Ethiopian Prime Minister Abiy Ahmed refrained from a military response to a disputed parliamentary election in the Tigray region in a bid to limit the economic fallout wrought by the coronavirus pandemic, analysts say.
The regional election held by Ethiopia’s northernmost region on September 9 highlighted a growing rift between the Tigrayan government and the central government as the country shifts towards a more federal system under Abiy and regions jostle for autonomy. The Tigray People’s Liberation Front (TPLF), which claimed victory in the regional parliamentary vote, was a dominant power in the ruling coalition for 25 years and governed its own federal region. After Abiy came to power, the TPLF broke away and relations have since deteriorated.
The government opposed the holding of the Tigray election, which it said was illegal, but refrained from a military response to avoid causing further economic disruption, analysts say.
“Tigray is an important industrial hub so the federal government and the regional authorities are keenly aware of this and don’t want to disrupt the production that comes out of the region,” says Vincent Rouget, Control Risk’s director for Africa.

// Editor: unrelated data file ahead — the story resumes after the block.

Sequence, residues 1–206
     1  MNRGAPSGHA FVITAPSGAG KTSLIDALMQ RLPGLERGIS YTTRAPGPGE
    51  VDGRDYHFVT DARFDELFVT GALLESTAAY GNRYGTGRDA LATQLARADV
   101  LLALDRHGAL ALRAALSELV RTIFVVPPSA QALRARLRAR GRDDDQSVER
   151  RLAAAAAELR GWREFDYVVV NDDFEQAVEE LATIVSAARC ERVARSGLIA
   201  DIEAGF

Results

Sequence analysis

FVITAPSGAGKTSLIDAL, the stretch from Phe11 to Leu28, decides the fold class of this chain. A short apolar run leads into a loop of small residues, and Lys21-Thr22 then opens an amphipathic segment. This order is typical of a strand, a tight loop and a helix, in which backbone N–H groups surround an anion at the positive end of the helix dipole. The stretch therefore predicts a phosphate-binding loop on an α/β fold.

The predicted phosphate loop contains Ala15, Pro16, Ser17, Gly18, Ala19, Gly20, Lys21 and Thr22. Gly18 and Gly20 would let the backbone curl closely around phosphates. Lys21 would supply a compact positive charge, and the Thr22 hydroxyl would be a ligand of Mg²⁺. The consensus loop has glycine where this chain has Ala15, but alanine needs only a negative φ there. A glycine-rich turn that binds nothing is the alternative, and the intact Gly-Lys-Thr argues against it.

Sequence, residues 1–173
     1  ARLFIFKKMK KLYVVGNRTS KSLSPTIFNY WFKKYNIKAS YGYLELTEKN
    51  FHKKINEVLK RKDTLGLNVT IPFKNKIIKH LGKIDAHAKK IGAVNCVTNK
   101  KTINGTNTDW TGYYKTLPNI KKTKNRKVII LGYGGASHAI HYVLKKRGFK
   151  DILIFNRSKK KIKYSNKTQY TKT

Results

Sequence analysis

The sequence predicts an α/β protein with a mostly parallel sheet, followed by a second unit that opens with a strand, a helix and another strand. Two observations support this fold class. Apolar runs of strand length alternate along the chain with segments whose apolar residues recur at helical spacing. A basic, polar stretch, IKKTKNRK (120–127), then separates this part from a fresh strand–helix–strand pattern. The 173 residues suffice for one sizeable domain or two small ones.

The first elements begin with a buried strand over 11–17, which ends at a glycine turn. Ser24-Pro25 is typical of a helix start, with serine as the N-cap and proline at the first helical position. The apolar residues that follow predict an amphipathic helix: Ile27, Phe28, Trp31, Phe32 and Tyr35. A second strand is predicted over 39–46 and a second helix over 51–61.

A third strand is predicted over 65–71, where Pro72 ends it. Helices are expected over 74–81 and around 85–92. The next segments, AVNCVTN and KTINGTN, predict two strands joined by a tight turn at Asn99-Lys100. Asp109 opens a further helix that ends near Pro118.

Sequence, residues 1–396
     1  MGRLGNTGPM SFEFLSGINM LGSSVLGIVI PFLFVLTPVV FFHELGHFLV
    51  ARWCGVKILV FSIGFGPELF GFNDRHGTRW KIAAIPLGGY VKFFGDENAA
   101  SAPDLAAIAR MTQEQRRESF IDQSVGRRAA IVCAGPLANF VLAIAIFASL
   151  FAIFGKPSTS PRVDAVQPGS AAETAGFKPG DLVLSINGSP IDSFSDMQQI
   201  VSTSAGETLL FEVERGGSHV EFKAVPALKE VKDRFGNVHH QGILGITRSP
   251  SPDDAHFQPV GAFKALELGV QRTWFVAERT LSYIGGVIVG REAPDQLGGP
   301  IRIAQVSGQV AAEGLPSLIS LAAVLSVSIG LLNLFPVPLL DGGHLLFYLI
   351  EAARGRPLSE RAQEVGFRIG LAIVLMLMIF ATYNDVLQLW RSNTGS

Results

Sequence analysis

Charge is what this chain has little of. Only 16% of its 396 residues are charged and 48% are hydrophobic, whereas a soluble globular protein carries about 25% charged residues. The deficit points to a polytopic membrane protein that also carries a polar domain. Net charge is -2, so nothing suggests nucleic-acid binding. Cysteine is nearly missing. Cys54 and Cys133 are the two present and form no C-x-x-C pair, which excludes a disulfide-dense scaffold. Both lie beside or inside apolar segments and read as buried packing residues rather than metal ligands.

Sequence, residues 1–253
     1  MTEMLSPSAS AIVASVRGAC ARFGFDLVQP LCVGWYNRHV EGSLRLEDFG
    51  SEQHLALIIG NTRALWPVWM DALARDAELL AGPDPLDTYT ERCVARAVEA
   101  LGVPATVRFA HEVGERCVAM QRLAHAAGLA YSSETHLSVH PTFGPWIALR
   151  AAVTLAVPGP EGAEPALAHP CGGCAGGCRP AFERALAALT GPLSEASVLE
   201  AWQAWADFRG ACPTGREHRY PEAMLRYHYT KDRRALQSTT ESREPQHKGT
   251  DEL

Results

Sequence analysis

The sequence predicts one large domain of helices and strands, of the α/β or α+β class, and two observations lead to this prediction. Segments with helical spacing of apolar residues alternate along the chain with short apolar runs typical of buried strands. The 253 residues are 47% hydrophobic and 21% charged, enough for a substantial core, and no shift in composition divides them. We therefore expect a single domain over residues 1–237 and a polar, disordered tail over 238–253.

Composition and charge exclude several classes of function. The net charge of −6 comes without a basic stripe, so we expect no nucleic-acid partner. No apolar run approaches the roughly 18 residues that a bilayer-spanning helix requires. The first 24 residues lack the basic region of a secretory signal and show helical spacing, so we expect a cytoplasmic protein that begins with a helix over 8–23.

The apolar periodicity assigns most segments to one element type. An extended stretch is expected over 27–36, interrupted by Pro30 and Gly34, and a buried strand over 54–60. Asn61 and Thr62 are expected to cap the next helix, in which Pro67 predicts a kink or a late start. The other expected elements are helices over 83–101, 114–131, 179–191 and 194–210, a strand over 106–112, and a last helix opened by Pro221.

The vote has so far done little to shake investor confidence in the country, he says, which is nevertheless reeling from the economic losses of the coronavirus pandemic. The IMF predicts the economy will grow by just 3.2% this year compared to 9% in 2019. That has complicated Abiy’s stated ambition to open the country to increased foreign investment after decades of state-led development.
The elections will inevitably slow investment decisions and create uncertainty, but the disruption occurs in the wider context of the economic fallout already caused by Covid-19, Rouget adds.
“This year has been a difficult one for Ethiopia because of the pandemic, the disruption to trade the pandemic has caused, and because of the national elections that have been postponed, exacerbating tensions in the political system.”
The upheaval during the transition has taken some of the shine off the prime minister’s reform agenda. This is partly to do with tensions over the division of power between the centre and the regions, says Ahmed Soliman, a researcher for Chatham House’s Africa Programme.
“The country is 100 million people of multiple ethnicities, cultures, religions and political forces, so this was bound to be a turbulent transition. The political divisions have deep roots and the contestation between a unitary versus ethnic-based system of governance is ultimately a symptom of Ethiopia’s unfinished federal project.”